Have you ever noticed how long we wait when we go out to have dinner? We wait for the menu. We wait to place our order. We wait for our food. We wait for the check. And finally we wait for the opportunity to pay the check. Then the restaurant has the audacity to refer to the one who addresses all of this activity as the waiter!
I don’t know about you but I need help at times with patience. We all need to be more like the little boy in a department store. He was at the end of an escalator watching the railing as it went around. Finally, a salesman came by and asked him, “Son, are you lost?” The boy replied, “No sir, I am just waiting for my gum to come back.” We need that kind of patience.
One of the most blessed fruits of the Spirit is patience. The Bible describes it as longsuffering. It is a word which means “long tempered”.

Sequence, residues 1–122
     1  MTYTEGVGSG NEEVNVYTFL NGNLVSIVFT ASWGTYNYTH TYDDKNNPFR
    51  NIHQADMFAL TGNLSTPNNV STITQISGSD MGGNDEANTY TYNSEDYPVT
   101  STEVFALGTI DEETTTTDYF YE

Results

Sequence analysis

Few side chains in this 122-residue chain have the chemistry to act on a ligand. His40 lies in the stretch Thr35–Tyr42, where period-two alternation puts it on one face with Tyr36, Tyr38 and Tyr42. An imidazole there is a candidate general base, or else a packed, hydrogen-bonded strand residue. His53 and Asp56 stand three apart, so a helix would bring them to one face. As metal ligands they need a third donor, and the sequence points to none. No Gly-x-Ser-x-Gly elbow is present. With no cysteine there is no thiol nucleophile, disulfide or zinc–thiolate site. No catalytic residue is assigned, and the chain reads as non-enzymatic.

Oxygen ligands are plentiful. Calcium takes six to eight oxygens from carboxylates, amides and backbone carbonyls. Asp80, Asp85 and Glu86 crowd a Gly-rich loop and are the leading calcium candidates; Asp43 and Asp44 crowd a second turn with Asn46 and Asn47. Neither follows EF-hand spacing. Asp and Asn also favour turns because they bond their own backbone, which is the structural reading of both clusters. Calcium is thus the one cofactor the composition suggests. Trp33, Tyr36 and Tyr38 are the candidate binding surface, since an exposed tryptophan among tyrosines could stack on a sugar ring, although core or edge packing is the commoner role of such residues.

In his book, “Is it Worth Dying For?” Dennis Brio takes a physician’s approach to patience. As a cardiologist, Dr. Brio argued that hot reactions “Respond to every frustrating situation with angry stress, which constricts their coronary arteries. If the condition persists, and one continues to handle matters in such a way, it can ultimately lead to heart trouble and even heart disease. He counseled people to be “cool reactors” to alleviate stress and future health problems. He was basically advising them to be patient.
Much of life requires patience. A Palestinian farmer sowed seed in the ground and received no rain at all much of the year. The field would turn brown. They had no irrigation. Dependence on rain was crucial. An early rain would come in October. Then it would not rain again in March or April. His crops were out of his control.
James in his Epistle writes, “See how the farmer waits expectantly for the precious harvest from the Lord. See how he keeps up his patient vigil over it until it receives the early and later rain”. Then James says, “So you also must be patient.”
Patience is a virtue. Possess it if you can, seldom found in a woman, never found in a man.
Patience-get it. The life you save might be your own.
See ya Sunday!